Fearful European Zoos To Cut Off Their Rhinos' Horns After Paris Poaching Attack

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Even the toughest of animal lovers were shocked by the deadly rhino poaching at Thoiry Zoological Park in Paris last week, where poachers shot a white rhino and stole its horn. In light of this extremely messed-up news, Dvur Kralove Zoo in the Czech Republic has now said it will chop off the horns of its resident rhinos to avoid temptation, AFP news agency reports.

“It’s for the sake of rhino safety,” Andrea Jirousova, spokeswoman for the zoo, told AFP. “The attack [in France] put us on alert, the danger is really intense.”

The zoo currently holds a mixed herd of 21, made up of southern white rhinos and black rhinos. Numbers of black rhino have declined by 97 percent since 1960. The numbers of southern white rhino subspecies are also considered to be “near threatened” with extinction by the IUCN Red List.

The plan is to dehorn 18 of these rhinos to ensure they aren't desirable to poachers, sparing three of the calves due to their young age. The zoo didn’t say when the operations will take place but they will be performed under general anesthetic and will be painless for the animals. It’s most likely vets will have to use a chainsaw to perform the operation due to the thickness of the horn.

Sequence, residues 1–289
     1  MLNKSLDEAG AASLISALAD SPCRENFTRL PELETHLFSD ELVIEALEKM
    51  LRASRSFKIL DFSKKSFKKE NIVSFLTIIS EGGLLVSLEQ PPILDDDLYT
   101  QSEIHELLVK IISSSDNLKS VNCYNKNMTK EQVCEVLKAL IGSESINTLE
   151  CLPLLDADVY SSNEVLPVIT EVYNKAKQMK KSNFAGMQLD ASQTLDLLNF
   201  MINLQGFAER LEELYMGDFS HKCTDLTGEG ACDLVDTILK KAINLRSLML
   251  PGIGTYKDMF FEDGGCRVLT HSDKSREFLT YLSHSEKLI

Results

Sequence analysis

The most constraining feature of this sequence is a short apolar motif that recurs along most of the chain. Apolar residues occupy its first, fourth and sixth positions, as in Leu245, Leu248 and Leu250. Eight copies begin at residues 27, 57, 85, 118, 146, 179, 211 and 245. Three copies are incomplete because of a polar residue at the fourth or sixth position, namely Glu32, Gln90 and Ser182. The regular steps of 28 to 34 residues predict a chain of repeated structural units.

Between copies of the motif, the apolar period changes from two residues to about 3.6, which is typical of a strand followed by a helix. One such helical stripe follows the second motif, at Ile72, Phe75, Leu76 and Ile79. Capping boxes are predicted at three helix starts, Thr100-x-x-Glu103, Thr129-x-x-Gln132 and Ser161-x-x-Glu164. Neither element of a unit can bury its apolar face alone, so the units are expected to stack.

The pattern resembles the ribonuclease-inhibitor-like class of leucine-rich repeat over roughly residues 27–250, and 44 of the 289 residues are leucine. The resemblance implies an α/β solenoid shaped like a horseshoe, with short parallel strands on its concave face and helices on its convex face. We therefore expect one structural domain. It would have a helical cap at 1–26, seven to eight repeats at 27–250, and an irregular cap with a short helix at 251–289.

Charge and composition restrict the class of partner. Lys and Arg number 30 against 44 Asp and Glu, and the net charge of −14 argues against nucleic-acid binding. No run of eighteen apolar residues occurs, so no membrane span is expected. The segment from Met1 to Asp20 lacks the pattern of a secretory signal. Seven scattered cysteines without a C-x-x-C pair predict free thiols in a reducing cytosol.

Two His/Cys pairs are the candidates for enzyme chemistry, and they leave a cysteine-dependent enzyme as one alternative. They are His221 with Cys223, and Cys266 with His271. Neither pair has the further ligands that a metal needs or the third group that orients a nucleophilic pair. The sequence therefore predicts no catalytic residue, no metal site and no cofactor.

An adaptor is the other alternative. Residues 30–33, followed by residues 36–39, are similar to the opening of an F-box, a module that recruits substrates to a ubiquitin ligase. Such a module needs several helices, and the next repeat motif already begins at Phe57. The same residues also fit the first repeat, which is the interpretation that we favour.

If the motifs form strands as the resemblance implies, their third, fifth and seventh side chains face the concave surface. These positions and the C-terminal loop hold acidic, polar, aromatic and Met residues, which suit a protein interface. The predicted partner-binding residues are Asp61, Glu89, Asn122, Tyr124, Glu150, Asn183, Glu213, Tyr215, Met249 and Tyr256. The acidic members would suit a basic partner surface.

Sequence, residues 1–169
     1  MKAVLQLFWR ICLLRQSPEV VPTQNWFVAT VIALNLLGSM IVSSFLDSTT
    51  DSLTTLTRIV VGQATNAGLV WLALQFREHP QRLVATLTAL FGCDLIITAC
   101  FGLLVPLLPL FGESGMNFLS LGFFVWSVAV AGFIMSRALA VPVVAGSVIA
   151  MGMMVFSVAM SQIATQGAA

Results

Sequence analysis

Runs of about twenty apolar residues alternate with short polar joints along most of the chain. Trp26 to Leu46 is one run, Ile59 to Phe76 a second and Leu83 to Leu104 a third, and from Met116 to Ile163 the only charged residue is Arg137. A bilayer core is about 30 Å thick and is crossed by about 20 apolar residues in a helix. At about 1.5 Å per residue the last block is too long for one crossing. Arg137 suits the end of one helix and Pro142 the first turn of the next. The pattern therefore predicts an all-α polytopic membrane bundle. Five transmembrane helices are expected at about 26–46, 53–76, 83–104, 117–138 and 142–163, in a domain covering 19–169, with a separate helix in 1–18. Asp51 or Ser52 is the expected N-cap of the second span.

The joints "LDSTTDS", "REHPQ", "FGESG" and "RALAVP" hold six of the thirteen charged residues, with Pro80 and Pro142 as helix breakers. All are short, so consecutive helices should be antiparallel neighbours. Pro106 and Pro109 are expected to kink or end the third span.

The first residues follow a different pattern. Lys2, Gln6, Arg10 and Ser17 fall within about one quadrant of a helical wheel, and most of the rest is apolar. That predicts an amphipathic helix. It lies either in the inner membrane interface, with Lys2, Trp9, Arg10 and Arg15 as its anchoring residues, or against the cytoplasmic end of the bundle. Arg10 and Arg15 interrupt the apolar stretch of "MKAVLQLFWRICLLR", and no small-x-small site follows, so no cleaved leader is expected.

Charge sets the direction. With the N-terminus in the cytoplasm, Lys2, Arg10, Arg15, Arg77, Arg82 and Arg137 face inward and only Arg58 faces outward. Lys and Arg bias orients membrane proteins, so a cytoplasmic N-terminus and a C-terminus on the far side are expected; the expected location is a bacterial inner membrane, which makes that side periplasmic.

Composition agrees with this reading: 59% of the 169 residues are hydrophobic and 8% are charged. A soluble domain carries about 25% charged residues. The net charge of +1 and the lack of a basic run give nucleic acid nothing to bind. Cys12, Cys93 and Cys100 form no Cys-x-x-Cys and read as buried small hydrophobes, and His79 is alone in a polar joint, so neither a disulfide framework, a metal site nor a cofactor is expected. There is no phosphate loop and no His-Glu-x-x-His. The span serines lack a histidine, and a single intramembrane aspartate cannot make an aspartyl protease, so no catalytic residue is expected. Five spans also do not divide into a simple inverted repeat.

A Belgian zoo is taking similar steps to discourage poachers. The Pairi Daiza zoo, near the capital Brussels, recently explained in a statement from the zoos' director Eric Bomb, that it will shorten the horns of its white rhinos as an “an additional security measure” following the events in France.

By the kilo, rhino horn is pricier than caviar, cocaine, and gold, with a single horn fetching as much as $300,000. They are sold on the black market, mainly in China and Vietnam, under the pretense of being a traditional medicine and aphrodisiac. Saddest of all, these mystical properties are total nonsense. Rhino horns are actually made entirely of keratin, the same protein that makes up most of our skin, hair, and nails. Using rhino horn as a medicine is as much use as chewing on toenails.

Nevertheless, the illegal multi-billion dollar market is thriving. European museums have suffered a string of burglaries targeting their rhino horns over the past decades. In the light of the recent poaching at Thoiry Zoological Park, it’s looking like dehorning rhinos might become a necessity.

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